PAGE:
More accurate would be Livin’ Ignorant, as Luby’s seems to think none of us cares about the level of sodium in our food and has helpfully left that metric off. So we can’t tell if, like much restaurant food, it is salty and addictive. They must have missed the recent New York Times story on sodium.

I wonder why they left that column out?

Applebee’s and healthy choices? What a crock

Call it New Year’s marketing masquerading as health news.

Restaurant.com reports the results of a survey by Applebee’s about food related New Year’s resolutions. Undertaken on behalf of the chain, it says 9 of 10 people break resolutions to eat healthier, with the most popular reason being “I like to eat what I want, when I want.”
The item goes on to tout how this is possible with Applebee’s Under 550 menu. However, back at corporate HQ, the survey likely confirmed that this casual theme dinner house is on the right track from a business perspective: largely ignore the obesity crisis because you can make a lot more money selling mostly high fat-salt-sugar combinations masquerading as meals.
There are exactly six entrees on the Under 550 menu, and they even carry Weight Watchers Points Plus tracking values. But they are salty and incredibly unhealthy for that reason alone. They range in sodium content from 1,520 mg to 3,180 mg — despite the fact that 1,500 mg a day is considered the maximum any adult over 50 should eat.
And then there is that asterisk about how variations in preparation can increase or decrease the nutritional values. Having eaten their Weight Watchers entrees before, I’m pretty sure it’s the former rather than the latter. The food was overly shiny, and the portions easily compared with a typical Applebee’s meal. Indeed, a study published in the Journal of the American Medical Association in 2011 found errors of 100 calories or more about 19 percent of the time.
Nice try Applebee’s. How about a real New Year’s resolution from you?

Sometimes, you just gotta eat

Not every meal can be planned or a dining experience. I’ve been waiting at the vet for the doc to finish the blood work on our Labrador, Nan. It’s lunchtime, I’m hungry and I have to stick around this area to pick her up.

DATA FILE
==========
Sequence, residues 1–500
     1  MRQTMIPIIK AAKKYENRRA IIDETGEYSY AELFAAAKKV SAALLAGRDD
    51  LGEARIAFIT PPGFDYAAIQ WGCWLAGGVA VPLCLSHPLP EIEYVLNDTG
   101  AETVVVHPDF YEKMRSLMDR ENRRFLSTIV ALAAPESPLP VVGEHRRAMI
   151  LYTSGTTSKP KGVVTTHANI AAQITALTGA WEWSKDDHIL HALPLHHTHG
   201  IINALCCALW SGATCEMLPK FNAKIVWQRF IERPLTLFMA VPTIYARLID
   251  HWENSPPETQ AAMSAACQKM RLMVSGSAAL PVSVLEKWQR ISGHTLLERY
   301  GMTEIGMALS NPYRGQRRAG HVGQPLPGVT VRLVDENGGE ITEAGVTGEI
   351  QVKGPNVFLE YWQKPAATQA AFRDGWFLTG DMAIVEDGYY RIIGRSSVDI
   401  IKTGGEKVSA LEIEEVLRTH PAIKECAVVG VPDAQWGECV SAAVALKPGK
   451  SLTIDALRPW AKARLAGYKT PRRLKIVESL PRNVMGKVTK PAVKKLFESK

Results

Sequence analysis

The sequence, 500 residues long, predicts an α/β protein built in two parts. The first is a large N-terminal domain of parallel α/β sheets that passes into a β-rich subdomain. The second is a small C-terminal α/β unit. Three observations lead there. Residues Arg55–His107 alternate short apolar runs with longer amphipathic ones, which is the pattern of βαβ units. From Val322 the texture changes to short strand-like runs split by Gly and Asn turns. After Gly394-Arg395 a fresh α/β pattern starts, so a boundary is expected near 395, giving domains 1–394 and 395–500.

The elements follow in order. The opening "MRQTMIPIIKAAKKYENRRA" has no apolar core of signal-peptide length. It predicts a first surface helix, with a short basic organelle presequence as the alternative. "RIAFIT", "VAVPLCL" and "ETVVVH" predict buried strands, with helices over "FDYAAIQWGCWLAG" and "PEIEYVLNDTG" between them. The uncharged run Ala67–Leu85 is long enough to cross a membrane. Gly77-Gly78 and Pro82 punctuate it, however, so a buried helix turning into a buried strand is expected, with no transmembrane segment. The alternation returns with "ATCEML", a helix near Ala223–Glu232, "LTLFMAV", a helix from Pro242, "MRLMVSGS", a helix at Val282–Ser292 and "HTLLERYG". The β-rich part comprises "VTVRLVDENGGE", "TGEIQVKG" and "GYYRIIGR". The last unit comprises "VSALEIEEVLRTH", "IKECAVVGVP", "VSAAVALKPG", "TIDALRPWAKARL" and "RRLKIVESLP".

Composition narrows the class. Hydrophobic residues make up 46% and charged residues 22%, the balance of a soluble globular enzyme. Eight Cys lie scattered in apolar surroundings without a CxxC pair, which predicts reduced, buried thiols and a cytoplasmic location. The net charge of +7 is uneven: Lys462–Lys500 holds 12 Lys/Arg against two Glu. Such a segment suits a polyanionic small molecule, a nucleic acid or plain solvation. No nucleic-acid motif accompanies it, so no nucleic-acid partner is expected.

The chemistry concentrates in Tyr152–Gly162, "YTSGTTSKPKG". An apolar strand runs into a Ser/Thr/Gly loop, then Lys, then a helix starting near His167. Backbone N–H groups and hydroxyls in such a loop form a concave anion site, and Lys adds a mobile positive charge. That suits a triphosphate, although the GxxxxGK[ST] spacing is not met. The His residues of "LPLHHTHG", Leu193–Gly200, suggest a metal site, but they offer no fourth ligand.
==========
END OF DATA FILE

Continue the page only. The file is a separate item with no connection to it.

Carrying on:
I just needed something to eat. Let’s see, there’s Rocco’s NY Pizza, Willy’s Mexicana Grill, McDonald’s (touting a “snack wrap” version of a guilty pleasure, the Big Mac) and a weirdly unfocused place called Kyoto Joe’s International Cuisine.

Guess which won?

Joe’s menu is a weird combination of Japanese teriyaki bowls and falafel. The new owner told me he’s in the process of bringing clarity to the place. It will soon be “an international pita cafe,” he said with a distinctly Middleastern accent. Maybe he’ll rename it. Tarek’s Pita Cafe?

Anyway, I opted for a teriyaki bowl with just chicken, vegetables and the sauce, which he told me is getting booted off the menu. I suppose there’s always Greek Salad and chicken kebab in the future.

Time to stop writing and eat.

But it was a gift…

Zingerman’s deli in Ann Arbor, MI, is always crowded. Good sandwiches, salads, breads and baked goods bring in locals, tourists and University of Michigan Students alike. It is possible to behave on your diet there, even with so many great choices.

In recent years, however, it’s evolved from a purely local institution to a growing mail order provider of food, including high end condiments like olive oils and cheeses, and gift items.

So when a wonderful maple walnut pound cake arrives as a gift from a friend yesterday…a week of good behavior went out the window.

Half gone already? Yikes. And just when I thought the holidays were over.